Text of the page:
Machine Learning is an application within artificial intelligence that consists of a collection of models, methods and algorithms that find patterns in big data and help organizations make better business decisions. Decisions made using machine learning are driven by data instead of hunches or suspicions. This is the first certificate in a series of Applied certificates on Machine Learning for Artificial Intelligence. In this series, students will gain a practical understanding of the tools and techniques used in Machine Learning. In this course, students are introduced to supervised machine learning classification methods and algorithms used in Artificial Intelligence. Students will learn to use AWS Cloud Technologies, Python and Jupyter Notebook to train and deploy supervised machine learning models built using Decision Trees, Ensembles, Nearest Neighbor and Support Vector Machines for identifying customer marketing profiles, detecting fraudulent transactions, image recognition and gain a better understanding of the specific importance of features within data. Students must complete all 5 modules to complete the certificate.
Module 1: Gaining Inference from Decision Trees
Students will use machine learning to build an inference model for discovering relationships in customer demographic data. This information will be used to build a marketing segmentation model for identifying potential customers earlier in the sales process.
1. Environment Setup
2. Introduction to Supervised Machine Learning and the Machine Learning Process
3. Data Preprocessing and EDA
4. Introduction to Sci-Kit Learn, Jupyter and SageMaker
5. Storytelling with Decision Trees
Module 2: Building predictive classification machine learning models with decision trees
In this task, students will use decision trees and machine learning to build a predictive model to classify fraudulent bank transactions from non-fraudulent transactions and assist a local financial institution with their relevant fraud and security protection services.
1. Introduction to Classification, the Accuracy Paradox and Unbalanced data
2. Feature Selection
3. Bias / Variance Tradeoff
6. Assessing models with Precision and Confusion Matrices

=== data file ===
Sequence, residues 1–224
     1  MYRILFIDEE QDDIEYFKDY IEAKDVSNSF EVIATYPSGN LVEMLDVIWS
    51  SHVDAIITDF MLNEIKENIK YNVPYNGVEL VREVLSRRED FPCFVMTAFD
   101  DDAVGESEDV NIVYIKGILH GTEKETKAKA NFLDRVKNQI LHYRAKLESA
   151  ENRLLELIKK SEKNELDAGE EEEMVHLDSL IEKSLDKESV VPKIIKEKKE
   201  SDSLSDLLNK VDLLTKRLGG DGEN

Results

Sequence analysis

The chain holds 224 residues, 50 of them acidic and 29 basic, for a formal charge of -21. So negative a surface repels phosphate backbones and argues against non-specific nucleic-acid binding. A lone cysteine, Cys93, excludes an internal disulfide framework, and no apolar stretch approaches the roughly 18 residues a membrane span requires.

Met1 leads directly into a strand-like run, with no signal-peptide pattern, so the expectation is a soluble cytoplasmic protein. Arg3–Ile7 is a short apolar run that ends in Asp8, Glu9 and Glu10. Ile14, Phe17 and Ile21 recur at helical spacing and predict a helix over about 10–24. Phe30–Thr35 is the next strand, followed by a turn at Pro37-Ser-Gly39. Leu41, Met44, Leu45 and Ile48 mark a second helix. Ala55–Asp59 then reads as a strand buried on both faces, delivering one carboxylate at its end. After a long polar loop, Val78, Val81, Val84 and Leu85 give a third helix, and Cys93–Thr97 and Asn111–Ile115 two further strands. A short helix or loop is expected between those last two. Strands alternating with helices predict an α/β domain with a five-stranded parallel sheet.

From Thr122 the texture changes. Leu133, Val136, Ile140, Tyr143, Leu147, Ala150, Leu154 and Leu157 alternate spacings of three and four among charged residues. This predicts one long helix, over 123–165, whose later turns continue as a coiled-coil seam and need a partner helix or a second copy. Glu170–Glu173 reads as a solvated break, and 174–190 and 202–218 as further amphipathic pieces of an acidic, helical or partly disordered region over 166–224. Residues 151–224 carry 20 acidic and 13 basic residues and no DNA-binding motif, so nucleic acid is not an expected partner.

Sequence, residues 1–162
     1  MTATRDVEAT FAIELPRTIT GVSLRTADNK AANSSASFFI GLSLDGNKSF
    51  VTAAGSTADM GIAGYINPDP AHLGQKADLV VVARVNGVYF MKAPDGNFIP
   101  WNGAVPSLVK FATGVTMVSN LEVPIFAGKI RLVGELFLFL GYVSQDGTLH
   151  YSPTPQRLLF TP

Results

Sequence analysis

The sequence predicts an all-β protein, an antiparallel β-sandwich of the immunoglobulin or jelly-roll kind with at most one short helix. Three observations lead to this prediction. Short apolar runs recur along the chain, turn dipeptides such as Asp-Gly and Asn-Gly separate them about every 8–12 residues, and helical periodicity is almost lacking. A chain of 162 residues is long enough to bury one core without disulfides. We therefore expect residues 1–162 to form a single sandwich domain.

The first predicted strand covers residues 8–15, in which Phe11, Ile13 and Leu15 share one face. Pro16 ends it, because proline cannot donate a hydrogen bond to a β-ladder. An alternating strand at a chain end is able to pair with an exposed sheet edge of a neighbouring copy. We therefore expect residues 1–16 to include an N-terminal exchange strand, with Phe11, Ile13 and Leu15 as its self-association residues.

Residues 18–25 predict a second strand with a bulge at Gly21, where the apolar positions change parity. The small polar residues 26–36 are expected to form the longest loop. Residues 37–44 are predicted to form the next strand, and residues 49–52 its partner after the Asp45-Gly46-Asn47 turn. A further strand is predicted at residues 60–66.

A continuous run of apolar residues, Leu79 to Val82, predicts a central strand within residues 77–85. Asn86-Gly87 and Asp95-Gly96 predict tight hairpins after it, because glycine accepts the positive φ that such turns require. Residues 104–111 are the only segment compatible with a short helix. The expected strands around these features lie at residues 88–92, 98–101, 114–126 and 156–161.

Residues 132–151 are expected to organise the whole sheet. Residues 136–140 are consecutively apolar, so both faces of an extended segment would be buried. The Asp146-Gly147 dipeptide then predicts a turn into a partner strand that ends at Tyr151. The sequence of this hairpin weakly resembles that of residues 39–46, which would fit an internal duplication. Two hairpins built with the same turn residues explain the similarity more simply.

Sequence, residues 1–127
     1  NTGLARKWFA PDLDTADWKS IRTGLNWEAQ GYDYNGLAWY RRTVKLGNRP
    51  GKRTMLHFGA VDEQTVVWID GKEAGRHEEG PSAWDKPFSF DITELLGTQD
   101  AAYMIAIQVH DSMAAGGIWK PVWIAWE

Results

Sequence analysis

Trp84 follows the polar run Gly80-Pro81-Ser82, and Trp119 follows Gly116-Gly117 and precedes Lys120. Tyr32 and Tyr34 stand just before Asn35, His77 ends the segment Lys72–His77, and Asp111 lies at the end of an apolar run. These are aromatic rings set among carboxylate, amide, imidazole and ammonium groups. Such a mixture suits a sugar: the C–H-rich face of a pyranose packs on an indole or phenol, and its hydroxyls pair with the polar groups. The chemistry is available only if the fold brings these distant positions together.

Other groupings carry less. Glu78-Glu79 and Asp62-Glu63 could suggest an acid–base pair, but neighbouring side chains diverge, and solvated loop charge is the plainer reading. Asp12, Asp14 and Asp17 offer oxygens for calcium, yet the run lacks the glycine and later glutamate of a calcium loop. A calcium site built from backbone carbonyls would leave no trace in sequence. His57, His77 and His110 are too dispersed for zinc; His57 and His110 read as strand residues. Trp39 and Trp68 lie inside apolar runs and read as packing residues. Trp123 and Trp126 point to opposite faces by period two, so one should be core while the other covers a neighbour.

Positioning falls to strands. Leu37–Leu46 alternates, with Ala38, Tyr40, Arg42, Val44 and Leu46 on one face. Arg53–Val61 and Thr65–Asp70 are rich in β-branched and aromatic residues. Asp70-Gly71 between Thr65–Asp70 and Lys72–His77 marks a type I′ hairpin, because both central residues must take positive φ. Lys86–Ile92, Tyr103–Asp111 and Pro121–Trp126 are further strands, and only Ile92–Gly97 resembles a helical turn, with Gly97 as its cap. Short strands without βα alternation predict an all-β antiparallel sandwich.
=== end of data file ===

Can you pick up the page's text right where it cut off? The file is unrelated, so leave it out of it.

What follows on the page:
Module 3: Classifying potential customers and prioritizing valuable customer information with ensemble learning methods
In this task, students use Random Forests and Gradient Boosted Trees to assess various aspects of existing bank customers to assess if predictive modeling can assist stakeholders with building a new process for identifying potential customers. In addition, predictive modeling will be used to better understand how individual customer aspects should be prioritized when marketing the new process.
1. Introduction to ensembles, boosting and bagging
2. Feature Engineering
3. Gradient Descent
4. Assessing ensemble methods
Module 4: Building an image classification system for handwriting recognition using Lazy Learning
In this task, students are asked by a local manufacturer to assess the viability of building an image classification system that can potentially identify handwriting from images of different written digits. Students will use K-Nearest Neighbor to find relevant patterns in data taken from actual handwriting images and the related outcomes.
1. Introduction to Lazy Learning
2. Majority Voting and Euclidean Distance
3. Estimating K
4. Model Deployment
Module 5: Building an early cancer detection system using Support Vector Machines
In this task, students try to successfully classify cancerous tumors as being either malignant or benign using data and features from images of biopsied cells. If successful, this system could be used to detect cancers earlier and help improve the impact of receiving a potentially life-saving intervention.
1. Understanding Support Vector Machines
2. Introduction to Kernelling
3. Working with AWS S3 and Sagemaker
4. ROC/AUC Scores
5. Model Deployment
1. Using machine learning tools to investigate patterns in complex data sets
2. Preprocessing data for machine learning tasks
3. Using on-prem and cloud methods for supervised learning
4. Using decision tree classifiers to investigate classification problems
5. Using Ensemble Learning to build predictive models using Boosting and Bagging
6. Assessing the predictive performance of predictive models using Cost Functions and Confusion Matrices
7. Confirming relationships between learner performance and measured features to help understand model performance
8. Conducting feature selection to investigate the correlation between different features in a dataset
9. Deploying machine learning models to production
10. Presenting machine learning results to a non-technical audience